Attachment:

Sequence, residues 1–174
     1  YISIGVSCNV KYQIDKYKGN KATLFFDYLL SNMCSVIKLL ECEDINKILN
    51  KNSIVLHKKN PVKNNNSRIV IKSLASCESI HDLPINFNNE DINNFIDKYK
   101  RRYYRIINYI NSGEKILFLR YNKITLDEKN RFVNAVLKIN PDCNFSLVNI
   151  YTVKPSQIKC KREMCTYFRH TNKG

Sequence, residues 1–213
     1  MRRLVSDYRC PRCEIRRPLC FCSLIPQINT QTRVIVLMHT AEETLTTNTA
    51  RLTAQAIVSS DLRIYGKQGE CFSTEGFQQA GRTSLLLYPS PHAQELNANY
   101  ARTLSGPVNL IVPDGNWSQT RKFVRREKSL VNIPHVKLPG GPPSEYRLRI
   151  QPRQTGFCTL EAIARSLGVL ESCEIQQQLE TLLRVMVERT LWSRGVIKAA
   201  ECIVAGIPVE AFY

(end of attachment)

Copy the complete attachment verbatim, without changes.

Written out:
Sequence, residues 1–174
     1  YISIGVSCNV KYQIDKYKGN KATLFFDYLL SNMCSVIKLL ECEDINKILN
    51  KNSIVLHKKN PVKNNNSRIV IKSLASCESI HDLPINFNNE DINNFIDKYK
   101  RRYYRIINYI NSGEKILFLR YNKITLDEKN RFVNAVLKIN PDCNFSLVNI
   151  YTVKPSQIKC KREMCTYFRH TNKG

Sequence, residues 1–213
     1  MRRLVSDYRC PRCEIRRPLC FCSLIPQINT QTRVIVLMHT AEETLTTNTA
    51  RLTAQAIVSS DLRIYGKQGE CFSTEGFQQA GRTSLLLYPS PHAQELNANY
   101  ARTLSGPVNL IVPDGNWSQT RKFVRREKSL VNIPHVKLPG GPPSEYRLRI
   151  QPRQTGFCTL EAIARSLGVL ESCEIQQQLE TLLRVMVERT LWSRGVIKAA
   201  ECIVAGIPVE AFY